How can smokers who aren’t yet ready to quit be motivated to do so? According to a study co-authored by UMass Chan Medical School researchers, smokers in a randomized clinical trial were nearly twice as likely to stop after participating in a technology-assisted abstinence game, compared with those who only received nicotine replacement lozenges to manage cravings. The study was published in JAMA Internal Medicine.
Participants who received the abstinence game intervention made their first attempt at quitting sooner than the comparison group. And at the six-month follow-up, 18% of game intervention participants and 10% of comparison group participants obtained carbon monoxide level-verified smoking cessation, indicating they hadn’t smoked in the previous seven days.
Rajani S. Sadasivam, Ph.D., professor of population and quantitative health sciences and principal investigator, said the study aimed to make smoking cessation more palatable by framing it as a game.
In 2020, 12.5% of the United States population smoked cigarettes, according to the U.S. Centers for Disease Control and Prevention, down from a peak of roughly half the population in the 1950s. But the decline in smoking and its related health impacts has not reached everybody equally.
“Socioeconomically disadvantaged groups still smoke a lot,” said Dr. Sadasivam. “That’s what our group has been trying to figure out: How do we increase the reach of our interventions to these groups?”
A total of 433 smokers who were not ready to quit were enrolled in the trial, which took place in four U.S. health care systems. Of the participants, 48% were men and 52% were women, with a mean age of 54. The sample included participants from vulnerable socioeconomic groups (e.g., income concerns, unemployment) and 75% had not completed college.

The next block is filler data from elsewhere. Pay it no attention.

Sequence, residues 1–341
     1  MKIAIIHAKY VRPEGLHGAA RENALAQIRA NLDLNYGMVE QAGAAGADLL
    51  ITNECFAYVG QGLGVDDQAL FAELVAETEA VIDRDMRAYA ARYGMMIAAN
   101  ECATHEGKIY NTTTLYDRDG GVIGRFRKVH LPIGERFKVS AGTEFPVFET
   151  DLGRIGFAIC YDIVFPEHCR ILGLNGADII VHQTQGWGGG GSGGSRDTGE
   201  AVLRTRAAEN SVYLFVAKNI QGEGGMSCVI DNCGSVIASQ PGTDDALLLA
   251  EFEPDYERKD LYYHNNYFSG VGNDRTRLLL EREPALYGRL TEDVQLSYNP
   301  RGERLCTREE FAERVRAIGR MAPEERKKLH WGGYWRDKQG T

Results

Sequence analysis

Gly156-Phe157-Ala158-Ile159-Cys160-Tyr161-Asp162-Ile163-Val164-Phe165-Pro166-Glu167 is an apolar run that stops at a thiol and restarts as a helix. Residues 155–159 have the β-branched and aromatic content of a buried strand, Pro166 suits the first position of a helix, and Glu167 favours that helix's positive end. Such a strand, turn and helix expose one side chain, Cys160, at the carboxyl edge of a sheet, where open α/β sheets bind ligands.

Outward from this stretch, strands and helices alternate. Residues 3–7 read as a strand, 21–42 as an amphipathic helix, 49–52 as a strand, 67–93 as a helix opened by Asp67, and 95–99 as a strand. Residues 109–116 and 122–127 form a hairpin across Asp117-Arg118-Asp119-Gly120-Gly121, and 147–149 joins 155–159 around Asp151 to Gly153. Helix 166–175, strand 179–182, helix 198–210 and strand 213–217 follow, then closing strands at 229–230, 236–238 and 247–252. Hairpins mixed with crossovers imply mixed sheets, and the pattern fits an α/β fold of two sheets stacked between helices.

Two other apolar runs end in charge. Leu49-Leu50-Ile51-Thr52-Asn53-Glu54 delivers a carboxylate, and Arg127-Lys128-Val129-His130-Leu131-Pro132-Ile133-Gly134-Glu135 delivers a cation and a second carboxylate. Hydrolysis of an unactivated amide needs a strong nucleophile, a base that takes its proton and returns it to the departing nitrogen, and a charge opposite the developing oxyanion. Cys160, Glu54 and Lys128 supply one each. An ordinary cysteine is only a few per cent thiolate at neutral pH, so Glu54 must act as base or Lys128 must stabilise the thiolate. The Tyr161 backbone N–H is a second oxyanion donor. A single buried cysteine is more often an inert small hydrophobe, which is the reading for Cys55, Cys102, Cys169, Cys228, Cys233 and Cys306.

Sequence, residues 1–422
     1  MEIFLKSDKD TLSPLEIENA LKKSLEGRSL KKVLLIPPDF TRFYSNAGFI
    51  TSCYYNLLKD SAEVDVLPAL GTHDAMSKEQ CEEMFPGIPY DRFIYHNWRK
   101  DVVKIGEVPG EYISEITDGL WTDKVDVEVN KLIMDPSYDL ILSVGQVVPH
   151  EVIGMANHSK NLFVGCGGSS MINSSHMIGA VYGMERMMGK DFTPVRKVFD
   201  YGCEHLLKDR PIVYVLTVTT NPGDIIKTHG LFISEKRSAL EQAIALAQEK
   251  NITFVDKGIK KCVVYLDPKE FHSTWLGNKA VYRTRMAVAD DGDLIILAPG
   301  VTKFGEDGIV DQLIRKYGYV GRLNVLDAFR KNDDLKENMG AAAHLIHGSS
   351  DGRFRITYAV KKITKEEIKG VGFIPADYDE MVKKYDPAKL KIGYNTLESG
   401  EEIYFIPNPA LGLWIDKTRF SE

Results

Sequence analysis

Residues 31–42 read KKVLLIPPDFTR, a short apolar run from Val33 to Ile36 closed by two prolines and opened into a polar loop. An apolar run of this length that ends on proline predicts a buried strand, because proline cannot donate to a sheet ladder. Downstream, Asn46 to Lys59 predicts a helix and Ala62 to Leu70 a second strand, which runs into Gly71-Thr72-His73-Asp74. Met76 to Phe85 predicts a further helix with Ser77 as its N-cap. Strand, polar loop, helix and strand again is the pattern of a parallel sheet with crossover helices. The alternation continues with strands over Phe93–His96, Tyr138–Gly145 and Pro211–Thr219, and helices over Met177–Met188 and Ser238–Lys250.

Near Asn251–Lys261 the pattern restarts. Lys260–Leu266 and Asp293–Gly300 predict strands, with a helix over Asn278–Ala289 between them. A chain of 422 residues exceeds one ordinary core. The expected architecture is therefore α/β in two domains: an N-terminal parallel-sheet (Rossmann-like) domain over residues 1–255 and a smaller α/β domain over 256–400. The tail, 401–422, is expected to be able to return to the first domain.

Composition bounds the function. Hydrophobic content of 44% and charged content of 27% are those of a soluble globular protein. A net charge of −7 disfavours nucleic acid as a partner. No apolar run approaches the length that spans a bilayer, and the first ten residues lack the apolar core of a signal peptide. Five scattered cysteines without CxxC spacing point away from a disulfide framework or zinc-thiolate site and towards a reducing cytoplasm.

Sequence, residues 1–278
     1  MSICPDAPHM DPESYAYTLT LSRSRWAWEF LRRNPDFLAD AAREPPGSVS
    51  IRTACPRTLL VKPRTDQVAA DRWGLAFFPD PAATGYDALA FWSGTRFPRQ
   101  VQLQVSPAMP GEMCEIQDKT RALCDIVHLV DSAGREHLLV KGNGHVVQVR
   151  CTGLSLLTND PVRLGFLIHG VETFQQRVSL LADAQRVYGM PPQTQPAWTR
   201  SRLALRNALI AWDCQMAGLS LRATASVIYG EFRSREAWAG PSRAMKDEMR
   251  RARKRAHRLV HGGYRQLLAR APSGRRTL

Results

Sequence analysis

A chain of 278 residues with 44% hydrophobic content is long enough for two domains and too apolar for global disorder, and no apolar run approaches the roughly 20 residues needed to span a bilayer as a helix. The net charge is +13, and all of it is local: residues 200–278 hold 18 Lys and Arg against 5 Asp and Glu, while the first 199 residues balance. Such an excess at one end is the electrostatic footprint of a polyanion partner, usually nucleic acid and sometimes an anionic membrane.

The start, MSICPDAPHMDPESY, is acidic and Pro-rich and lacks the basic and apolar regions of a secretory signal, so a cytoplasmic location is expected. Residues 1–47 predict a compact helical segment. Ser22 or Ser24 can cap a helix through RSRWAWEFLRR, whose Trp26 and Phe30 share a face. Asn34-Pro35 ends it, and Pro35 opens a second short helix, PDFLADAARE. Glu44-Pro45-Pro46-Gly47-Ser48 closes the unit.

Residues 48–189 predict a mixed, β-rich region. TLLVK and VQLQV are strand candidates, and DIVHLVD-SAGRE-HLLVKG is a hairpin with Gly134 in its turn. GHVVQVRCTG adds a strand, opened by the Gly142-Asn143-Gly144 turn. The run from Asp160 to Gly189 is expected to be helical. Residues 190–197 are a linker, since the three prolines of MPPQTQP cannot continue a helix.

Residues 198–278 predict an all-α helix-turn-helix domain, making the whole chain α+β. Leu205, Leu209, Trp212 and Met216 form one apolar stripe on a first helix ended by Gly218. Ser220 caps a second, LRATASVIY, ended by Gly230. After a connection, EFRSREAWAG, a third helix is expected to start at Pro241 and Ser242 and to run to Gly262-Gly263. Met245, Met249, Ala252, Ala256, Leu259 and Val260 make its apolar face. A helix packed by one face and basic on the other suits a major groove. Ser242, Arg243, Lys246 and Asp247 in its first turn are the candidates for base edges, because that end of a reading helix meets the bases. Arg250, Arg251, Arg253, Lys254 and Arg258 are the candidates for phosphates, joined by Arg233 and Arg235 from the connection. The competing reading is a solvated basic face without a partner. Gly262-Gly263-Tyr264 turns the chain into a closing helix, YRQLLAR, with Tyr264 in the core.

Participants were randomly assigned to either the Take a Break (TAB) intervention or comparison group. All participants were offered nicotine replacement lozenges.
The TAB intervention was a three-week game experience. It included daily motivational text messaging, challenge quizzes assessing smoking behavior, brief abstinence goal setting, choice of mobile health apps for cravings management and reward points for participation that determined the level of a gift card provided at the end of the study.
Participants in the comparison group received daily text messages assessing the number of cigarettes smoked but did not receive the automated motivational replies to reinforce engagement and did not receive recognition points or participation rewards.
Sadasivam said smoking-cessation interventions have traditionally been targeted to people who indicated they wanted to quit. This study gives more options for people who aren’t yet ready to commit.
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